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The ithree institute brings together an internationally competitive team focused on addressing key challenges in the understanding and control of infectious diseases in humans and animals. Our innovative science uses a systems biology approach to develop a greater insight into basic biology and its application to the diagnosis, treatment and prevention of infectious diseases.

The ithree institute is led by Professor Liz Harry, an internationally recognised expert in the field of infectious diseases with a track record of driving innovation both within academia and within industry. It consists of research groups led by globally experienced scientists in the fields of microbial and parasitic infectious diseases, and in the application of their basic research to the treatment and prevention of these diseases.   

The ithree institute has active research programs and collaborations in the fields of bacteriology, parasitology and virology.  We are building our reputation by recruiting academics with a passion to work at the forefront of basic and applied research in the field of infection and immunity. 

The core philosophy at the ithree institute is to work in partnership with others to delivery world-class scientific discovery and to drive innovation. We have established relationships with universities, research institutes, medical institutes and industry, both within Australia and internationally.

Featured News
Professor Liz Harry

Antibiotic resistant superbugs

Professor Liz Harry, Director of the iThree Institute responds to the UN meeting on antibiotic resistant superbugs.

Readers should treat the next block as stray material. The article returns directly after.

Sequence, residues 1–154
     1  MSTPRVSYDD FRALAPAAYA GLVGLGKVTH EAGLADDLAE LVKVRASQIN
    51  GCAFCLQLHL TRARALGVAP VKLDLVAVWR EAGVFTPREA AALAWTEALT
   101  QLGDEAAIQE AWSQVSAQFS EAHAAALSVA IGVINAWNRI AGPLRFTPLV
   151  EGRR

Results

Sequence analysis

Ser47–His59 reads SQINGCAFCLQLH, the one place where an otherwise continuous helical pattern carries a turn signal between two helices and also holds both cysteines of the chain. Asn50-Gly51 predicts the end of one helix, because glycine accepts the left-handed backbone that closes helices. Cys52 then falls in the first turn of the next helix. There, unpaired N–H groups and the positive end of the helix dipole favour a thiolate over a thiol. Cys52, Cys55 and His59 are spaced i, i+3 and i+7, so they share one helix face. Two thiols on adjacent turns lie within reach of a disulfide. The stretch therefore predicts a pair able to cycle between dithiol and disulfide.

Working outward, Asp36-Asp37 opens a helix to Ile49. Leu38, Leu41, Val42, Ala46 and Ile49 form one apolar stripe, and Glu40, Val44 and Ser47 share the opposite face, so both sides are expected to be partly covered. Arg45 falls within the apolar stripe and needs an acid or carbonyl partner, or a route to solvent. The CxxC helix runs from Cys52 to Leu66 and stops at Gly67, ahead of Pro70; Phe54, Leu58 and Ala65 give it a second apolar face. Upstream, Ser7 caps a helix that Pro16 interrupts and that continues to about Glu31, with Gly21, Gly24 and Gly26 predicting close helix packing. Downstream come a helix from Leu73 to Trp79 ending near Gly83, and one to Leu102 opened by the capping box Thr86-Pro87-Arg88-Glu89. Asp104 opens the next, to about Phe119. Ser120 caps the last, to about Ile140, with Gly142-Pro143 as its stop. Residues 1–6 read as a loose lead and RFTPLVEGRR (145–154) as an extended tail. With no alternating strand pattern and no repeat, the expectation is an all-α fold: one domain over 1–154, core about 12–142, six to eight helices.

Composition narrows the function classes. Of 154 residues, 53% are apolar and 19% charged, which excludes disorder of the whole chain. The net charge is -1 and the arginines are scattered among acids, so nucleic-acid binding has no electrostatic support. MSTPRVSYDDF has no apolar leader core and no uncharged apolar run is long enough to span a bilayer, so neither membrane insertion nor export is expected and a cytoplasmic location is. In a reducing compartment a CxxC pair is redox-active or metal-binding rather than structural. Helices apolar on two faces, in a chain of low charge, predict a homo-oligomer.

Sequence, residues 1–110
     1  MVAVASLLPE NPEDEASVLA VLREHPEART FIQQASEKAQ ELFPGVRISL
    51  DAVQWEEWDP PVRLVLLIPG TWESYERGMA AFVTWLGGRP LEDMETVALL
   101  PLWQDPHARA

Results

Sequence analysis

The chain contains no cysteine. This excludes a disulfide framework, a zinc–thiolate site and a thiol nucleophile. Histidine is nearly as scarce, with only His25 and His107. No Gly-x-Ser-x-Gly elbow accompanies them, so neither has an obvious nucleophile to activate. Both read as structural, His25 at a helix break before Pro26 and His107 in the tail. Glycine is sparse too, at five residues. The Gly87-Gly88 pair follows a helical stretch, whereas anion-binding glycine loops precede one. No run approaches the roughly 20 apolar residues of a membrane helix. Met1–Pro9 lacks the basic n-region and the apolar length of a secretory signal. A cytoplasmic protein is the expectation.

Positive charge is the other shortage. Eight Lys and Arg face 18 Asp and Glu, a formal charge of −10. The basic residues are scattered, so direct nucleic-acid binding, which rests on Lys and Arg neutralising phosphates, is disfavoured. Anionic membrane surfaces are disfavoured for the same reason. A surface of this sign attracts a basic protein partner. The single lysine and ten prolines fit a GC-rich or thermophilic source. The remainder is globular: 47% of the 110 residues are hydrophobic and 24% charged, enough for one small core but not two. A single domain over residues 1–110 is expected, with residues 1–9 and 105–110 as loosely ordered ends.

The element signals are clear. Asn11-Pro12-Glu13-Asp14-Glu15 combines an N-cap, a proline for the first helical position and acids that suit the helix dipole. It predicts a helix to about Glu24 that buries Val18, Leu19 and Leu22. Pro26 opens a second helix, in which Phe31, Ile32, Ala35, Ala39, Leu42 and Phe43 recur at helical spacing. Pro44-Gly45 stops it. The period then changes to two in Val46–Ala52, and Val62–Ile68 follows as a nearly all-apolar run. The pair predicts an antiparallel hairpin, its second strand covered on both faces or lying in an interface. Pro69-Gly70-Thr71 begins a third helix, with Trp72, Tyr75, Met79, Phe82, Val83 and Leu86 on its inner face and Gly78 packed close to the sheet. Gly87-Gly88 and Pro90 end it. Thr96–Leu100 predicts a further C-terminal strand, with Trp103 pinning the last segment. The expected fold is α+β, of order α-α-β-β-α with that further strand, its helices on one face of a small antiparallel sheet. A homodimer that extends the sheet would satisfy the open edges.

Featured video
Colour bacteria seen under microscope

Global antibiotic resistance crisis

Antibiotics discovery revolutionised human health and medicine. We now take these drugs for granted and bacteria are fighting back leading to antibiotic resistance.
A pair of scientists at UTS have received a top prize from a US science firm to assist their research into the efficacy of probiotics in treating depression.
The Wildlife One Health Initiative is a dynamic cross-disciplinary team of UTS scientists who aim to tackle wildlife health, loss and extinction.
There are a range of diseases, not just infectious diseases, for which antibiotics are used routinely; in patients who are immunosuppressed - who have had chemotherapy or organ transplants - or after most routine operations. It doesn’t stop with humans - antibiotics are widely used in the agricultural sector.
UTS microbiologist Dr Willa Huston has identified a chemical that paves the way for a new antibiotic specially for koalas.

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General enquiries
t: +61 2 9514 4200
f: +61 2 9514 4143
e: ithreeinstitute@uts.edu.au

Level 6, Building 4 (CB04)
UTS City Campus
Cnr Harris and Thomas Streets
Ultimo, NSW 2007

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Postal address
ithree institute
University of Technology Sydney
P.O. Box 123
Broadway, NSW 2007

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